Well—I sent the message. Nora and Ruth each responded; Ruth’s response came first, and I was enraged after reading it. It was incredibly condescending in tone, and parts of it seemed to be written for a lawyer rather than for me (e.g., pointing out that they don’t have to visit every twelve months, but once every calendar year—when I had never suggested that they had missed a visit, but complained that they kept telling us that they would let us know when they want to visit “soon” but that it’s been four months’ worth of “soon”). She said that they have done things to show us that we are important, and it’s unfair to say that we aren’t a high priority for them. Nora’s message made me feel a bit guilty, and made me feel as though I have to try to work things out—the difference was mostly in tone, but left me and Mr. Book deciding to just have as little contact with Ruth as possible without trying to pull away from Nora or Cricket. I wrote back to them, and since I was writing back to two messages that I wanted to respond to very differently, the tone of my email shifted quite a bit from the beginning to the end.
Excerpt from early part: “And maybe I never would have gotten to this point if I didn’t know other people in better open adoption situations. So when I say that we aren’t a high priority, I am saying it as someone who has seen what it looks like when the birthparents are, not just because we didn’t get copies of pictures for a year and a half.”
Excerpt from near the end: “I’m making fall sweaters for the boys, now, and I don’t know whether Cricket ever tried his on, or hates red, or hates sweaters, or whether it didn’t fit at all—so I don’t know whether to make him one. When we sent dates in a Christmas package, you never told me whether Cricket tried them, or liked them, or thought they looked too much like bugs, or isn’t allowed to eat dates. I don’t assume that you’ll be attending the boys’ birthday parties, but you don’t even let me know that you got the invitations. I’m not looking for rosie sunshine responses to the things we send, but I hate that we are sending them into silence. (Although you did tell me that he liked his birthday present this year, and I really appreciated that.) I have a hard time reaching out to Cricket, and this is one of the easiest and clearest ways for me to try to show love—and it practice, it ends up being really discouraging.”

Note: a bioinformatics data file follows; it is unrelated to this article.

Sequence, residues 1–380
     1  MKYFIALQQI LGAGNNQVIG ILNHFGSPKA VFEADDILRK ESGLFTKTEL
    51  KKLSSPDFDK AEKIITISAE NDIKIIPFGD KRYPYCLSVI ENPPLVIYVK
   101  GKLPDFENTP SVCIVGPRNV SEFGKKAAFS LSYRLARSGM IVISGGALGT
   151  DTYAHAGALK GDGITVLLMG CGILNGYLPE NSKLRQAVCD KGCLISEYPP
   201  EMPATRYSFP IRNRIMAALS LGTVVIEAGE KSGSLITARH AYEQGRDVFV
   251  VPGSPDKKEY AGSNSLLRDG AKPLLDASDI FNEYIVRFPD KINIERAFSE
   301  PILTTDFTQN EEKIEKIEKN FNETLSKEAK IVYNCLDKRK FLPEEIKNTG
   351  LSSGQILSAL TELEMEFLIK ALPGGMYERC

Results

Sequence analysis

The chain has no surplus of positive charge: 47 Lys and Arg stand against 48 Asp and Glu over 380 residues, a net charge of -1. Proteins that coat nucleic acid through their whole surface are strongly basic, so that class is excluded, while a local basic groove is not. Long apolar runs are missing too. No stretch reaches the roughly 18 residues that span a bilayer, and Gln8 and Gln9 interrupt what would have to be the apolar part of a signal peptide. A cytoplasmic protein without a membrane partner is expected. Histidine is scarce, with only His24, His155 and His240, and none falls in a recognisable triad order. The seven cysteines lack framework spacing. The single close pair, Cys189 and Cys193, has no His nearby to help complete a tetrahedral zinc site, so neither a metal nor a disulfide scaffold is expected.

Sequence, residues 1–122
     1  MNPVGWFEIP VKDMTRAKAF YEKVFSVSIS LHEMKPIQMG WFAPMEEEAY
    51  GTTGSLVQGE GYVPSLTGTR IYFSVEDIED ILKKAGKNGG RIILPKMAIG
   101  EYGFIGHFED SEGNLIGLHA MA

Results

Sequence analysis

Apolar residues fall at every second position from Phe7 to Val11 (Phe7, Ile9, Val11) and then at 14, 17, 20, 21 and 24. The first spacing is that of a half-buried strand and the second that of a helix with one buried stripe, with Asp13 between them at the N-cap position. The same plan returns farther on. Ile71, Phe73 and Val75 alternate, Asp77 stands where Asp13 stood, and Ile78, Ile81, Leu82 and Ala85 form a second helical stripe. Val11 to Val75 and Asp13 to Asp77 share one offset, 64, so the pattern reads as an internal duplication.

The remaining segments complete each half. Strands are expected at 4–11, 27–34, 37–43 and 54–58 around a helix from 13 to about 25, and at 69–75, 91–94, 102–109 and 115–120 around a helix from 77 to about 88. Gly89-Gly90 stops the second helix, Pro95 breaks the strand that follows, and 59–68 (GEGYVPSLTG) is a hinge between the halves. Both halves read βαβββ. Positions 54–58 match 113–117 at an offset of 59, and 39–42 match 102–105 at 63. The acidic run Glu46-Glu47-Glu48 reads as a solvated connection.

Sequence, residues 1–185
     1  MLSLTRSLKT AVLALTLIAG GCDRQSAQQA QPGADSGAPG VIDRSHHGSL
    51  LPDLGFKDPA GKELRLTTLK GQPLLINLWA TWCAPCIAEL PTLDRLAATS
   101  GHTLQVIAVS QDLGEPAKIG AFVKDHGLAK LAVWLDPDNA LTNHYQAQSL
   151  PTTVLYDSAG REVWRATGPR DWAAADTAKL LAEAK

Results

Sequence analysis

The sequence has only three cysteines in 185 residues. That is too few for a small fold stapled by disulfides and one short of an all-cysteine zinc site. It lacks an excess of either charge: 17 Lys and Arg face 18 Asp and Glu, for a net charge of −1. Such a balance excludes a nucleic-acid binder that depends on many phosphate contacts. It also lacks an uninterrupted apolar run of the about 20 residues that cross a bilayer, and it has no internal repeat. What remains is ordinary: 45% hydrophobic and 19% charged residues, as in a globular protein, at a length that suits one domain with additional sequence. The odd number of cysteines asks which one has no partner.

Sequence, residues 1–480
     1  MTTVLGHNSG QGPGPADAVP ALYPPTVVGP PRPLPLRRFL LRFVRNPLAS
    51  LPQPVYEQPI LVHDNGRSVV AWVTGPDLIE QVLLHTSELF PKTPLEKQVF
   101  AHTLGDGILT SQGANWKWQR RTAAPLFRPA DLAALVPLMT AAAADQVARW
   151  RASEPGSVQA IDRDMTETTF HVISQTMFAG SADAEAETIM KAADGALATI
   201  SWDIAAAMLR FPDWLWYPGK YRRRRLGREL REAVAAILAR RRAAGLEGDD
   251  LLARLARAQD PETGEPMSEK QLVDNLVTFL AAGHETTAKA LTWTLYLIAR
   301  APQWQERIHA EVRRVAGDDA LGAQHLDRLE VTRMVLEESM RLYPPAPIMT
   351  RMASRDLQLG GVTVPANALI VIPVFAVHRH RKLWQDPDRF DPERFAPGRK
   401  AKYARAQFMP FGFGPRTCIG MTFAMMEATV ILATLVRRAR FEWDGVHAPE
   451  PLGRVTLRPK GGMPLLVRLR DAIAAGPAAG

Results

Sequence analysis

And I’m responding to Ruth in that first portion, and Nora, mostly, in that second one—although I didn’t call it out that way. No response to that message yet—except that Nora sent me a really beautiful picture of Cricket that I will post behind a password. Based on what Ruth has told me about the breakdown of the other relationships in her life, I will not be surprised if my refusal to agree that we are a high priority and that she has been awesome and that her problems are the only important problems means that she’s more or less done with me. Instead, I pointed out tartly that she is not the only one going through a hard time, and that since I have no idea when anyone’s hard times will be behind her, I am not willing to wait until that unknown date to express my discontent.
Mr. Book isn’t thrilled. He supports me unconditionally, but he will put up with just about anything to have as much contact as possible with Cricket—and I finally said I’m not willing to do the same, that I just can’t handle it on top of everything else right now. Of course, I want some kind of closure, which is idiotic. But it is an incredible relief to have just said: Hey. This sucks. I do not like it. And I’ve made myself a promise: I never have to talk to Ruth on Facebook chat ever again, unless someone is in the hospital.